elected new Jesuit, S Catholic resources Church in the 21st Century Center


C21 Online: Crossroads


Barbara and Patrick Roche Center for Catholic Education


Catholic Studies Minor, Morrissey College of Arts and Sciences


School of Theology and Ministry


Saint Peter Faber Jesuit Community


Institute for Advanced Jesuit Studies



boston college | annual report 2016

Judith Gordon professor and chair, management and organization, carroll school of management joined boston college: 1977


he most basic way Boston College has changed in my time here is that our students are of dramatically higher quality, with a commitment to learning the conceptual, technical, and theoretical foundations of management; a deep interest in the behavioral aspects; and an understanding that the liberal arts underpin everything. And we’ve changed the Carroll School in response. First, we’ve hired outstanding faculty who can challenge these students and who are leaders in research but also highly committed to teaching. In many areas, we’re now teaching our undergraduates material that we once taught at the MBA level. As to challenges, these bright students are also ambitious and want to learn skills that will serve them as soon as possible. We need to continue to make sure we train them in the conceptual underpinnings of management and help them develop critical-thinking skills. It’s the kind of learning that will sustain them through their work lives, and it’s important because we’re educating men and women who will wrestle with the needs and culture of management deep into the 21st century. Just consider the past 20 years and the changes they’ve brought to the world of business. I’m confident our faculty will do its best to imagine the next rounds of change and help our students prepare. Nothing will help our students more, though, than being grounded in habits of study, learning, and judgment.


Margaret P. and Alfred F. Kelly Jr. mr. kelly is chief executive officer, intersection co-chairs, president’s roundtable, 2013–2016 Ms. Kelly: Boston College is a unique place in that it’s a relatively large university that has the feel of a smaller school. It has a gorgeous campus and has tremendous plans to continue to enhance the property. Our children [the Kellys are parents of four alumni] have left BC with a great sense of community, great friends, and a direction for their lives on top of a fabulous education. That does not happen by accident. It is part of BC’s goal to educate the whole person, which is a great strength. Mr. Kelly: I think you would have to start with the brand as a key strength. When one says or hears “Boston College,” there’s an immediate association with academic excellence; a strong Jesuit, Catholic tradition; desirability; striving to do more; and commitment to others. And with a strong brand comes an obligation to continue to build and protect it over time, and BC has a great track record of doing just that. Ms. Kelly: As a parent, I would certainly say that affordability is a critical challenge. The cost of tuition continues to rise at levels exceeding CPI, and I worry for my children in terms of what it will cost to send their children to college. And for BC, which is one of the few need-blind universities in the country, this challenge is even greater.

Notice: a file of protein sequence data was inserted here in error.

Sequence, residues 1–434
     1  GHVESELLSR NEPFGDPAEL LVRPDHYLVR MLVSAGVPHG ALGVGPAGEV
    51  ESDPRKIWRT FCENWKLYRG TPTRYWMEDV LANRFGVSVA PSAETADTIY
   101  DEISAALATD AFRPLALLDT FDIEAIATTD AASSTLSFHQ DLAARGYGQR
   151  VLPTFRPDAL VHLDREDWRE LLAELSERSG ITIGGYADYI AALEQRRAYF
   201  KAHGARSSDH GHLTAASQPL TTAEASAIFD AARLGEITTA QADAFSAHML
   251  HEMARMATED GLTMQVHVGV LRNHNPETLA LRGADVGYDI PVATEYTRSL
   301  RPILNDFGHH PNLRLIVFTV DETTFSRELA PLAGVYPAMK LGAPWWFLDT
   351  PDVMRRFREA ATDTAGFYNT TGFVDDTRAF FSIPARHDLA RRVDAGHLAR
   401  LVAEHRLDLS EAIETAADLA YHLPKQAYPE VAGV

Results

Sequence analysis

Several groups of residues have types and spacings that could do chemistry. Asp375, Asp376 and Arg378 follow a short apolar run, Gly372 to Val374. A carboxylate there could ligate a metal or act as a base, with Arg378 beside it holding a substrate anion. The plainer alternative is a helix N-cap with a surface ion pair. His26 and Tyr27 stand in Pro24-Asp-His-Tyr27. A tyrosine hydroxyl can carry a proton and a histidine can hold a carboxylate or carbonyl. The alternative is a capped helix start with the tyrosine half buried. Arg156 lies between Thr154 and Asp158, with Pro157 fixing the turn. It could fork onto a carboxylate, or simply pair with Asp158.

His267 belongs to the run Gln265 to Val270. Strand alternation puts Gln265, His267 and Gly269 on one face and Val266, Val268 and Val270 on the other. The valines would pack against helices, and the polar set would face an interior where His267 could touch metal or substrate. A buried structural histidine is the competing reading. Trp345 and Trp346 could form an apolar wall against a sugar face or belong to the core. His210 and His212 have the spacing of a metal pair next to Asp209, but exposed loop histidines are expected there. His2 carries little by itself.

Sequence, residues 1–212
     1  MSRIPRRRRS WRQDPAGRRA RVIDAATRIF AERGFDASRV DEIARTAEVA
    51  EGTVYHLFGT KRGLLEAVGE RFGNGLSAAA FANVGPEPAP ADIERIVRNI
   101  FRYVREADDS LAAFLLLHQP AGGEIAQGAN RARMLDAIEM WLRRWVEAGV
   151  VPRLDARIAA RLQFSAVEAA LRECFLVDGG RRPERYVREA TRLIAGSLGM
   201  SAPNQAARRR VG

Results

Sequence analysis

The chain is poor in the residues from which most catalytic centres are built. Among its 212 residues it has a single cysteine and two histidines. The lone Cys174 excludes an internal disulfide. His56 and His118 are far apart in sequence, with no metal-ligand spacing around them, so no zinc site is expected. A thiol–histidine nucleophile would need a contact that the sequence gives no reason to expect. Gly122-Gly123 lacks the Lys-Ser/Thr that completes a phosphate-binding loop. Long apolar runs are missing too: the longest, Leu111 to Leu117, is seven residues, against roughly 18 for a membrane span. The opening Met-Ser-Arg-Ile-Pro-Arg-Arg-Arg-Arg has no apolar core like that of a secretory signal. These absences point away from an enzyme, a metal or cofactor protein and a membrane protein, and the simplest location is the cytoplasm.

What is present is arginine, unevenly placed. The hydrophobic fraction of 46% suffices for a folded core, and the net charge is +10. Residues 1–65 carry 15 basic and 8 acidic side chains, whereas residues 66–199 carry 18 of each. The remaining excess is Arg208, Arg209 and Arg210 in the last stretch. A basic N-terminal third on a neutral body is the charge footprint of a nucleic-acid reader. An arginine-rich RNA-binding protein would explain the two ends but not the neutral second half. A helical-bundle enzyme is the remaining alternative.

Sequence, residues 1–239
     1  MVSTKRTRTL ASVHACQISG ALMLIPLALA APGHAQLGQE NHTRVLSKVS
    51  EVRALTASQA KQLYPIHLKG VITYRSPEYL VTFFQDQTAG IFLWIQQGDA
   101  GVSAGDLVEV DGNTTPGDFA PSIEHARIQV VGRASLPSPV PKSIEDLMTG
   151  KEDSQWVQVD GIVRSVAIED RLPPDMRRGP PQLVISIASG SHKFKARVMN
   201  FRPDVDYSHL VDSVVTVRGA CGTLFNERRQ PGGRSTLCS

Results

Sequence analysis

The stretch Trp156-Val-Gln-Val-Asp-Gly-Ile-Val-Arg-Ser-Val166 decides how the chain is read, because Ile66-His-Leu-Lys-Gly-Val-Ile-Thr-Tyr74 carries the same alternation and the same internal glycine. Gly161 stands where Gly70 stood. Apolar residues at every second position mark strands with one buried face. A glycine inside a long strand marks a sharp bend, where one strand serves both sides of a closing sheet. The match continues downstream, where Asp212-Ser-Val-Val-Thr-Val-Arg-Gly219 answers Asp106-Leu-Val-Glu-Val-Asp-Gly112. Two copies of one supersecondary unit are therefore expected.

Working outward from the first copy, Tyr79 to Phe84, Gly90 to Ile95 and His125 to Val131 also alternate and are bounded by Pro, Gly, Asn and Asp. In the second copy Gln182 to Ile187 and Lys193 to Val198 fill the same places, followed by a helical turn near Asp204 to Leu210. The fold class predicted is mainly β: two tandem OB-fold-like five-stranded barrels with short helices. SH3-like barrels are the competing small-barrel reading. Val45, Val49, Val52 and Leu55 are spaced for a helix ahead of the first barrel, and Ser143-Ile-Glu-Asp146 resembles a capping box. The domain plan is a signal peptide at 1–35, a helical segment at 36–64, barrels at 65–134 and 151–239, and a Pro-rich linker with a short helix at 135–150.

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Mr. Kelly: Two challenges come to mind. One is determining the right programs to build and offer around the Core liberal arts. BC needs to look out into the future and determine what skills will be required to deal with global opportunities and challenges. The Carroll School’s Portico Program for freshmen is an example of this kind of approach, and so is the current

conversation about integrated sciences and engineering. Changes in healthcare open up another area for a university with a strong nursing program. Another challenge is the growing cost of being a Power Five conference school in athletics. It’s exciting, it builds community, and it builds the brand. But big-time athletics is an arms race and will be an increasing financial challenge.

2017–2027 Some 200 members of the community are currently engaged in planning the University’s next decade


n January, Boston College President William P. Leahy, S.J., announced a new strategic planning process—the University Strategic Planning Initiative (USPI)—that will assess strengths and weaknesses and articulate a set of objectives to help guide the University

for the coming decade. This effort began 10 years after the establishment of the last plan, which identified seven “strategic directions,” leading to an Institutional Master Plan and the recently concluded $1.6 billion Light the World campaign. To oversee the USPI project, Fr. Leahy appointed a 17-person steering committee comprising deans, faculty from across the University, senior members of most vice presidential administrative areas (including Student Affairs, Advancement, and Mission and Ministry), and student representatives. Chaired by Executive Vice President Michael Lochhead and Provost and Dean of Faculties David Quigley, the committee initiated a University-wide self-assessment. More than 200 individuals in 24 teams representing the colleges and schools; administrative divisions; libraries; and cross-divisional areas such as enrollment management, liberal arts, and international programs, spent the late winter and spring evaluating the University’s progress in achieving the goals of the 2006 strategic plan and its capabilities and challenges for the decade ahead. This review process will lead to a set of strategic themes that will be further refined during the fall of 2016. The intention is to present a draft strategic plan to the Board of Trustees in March 2017, with final approval expected after the board’s feedback has been incorporated.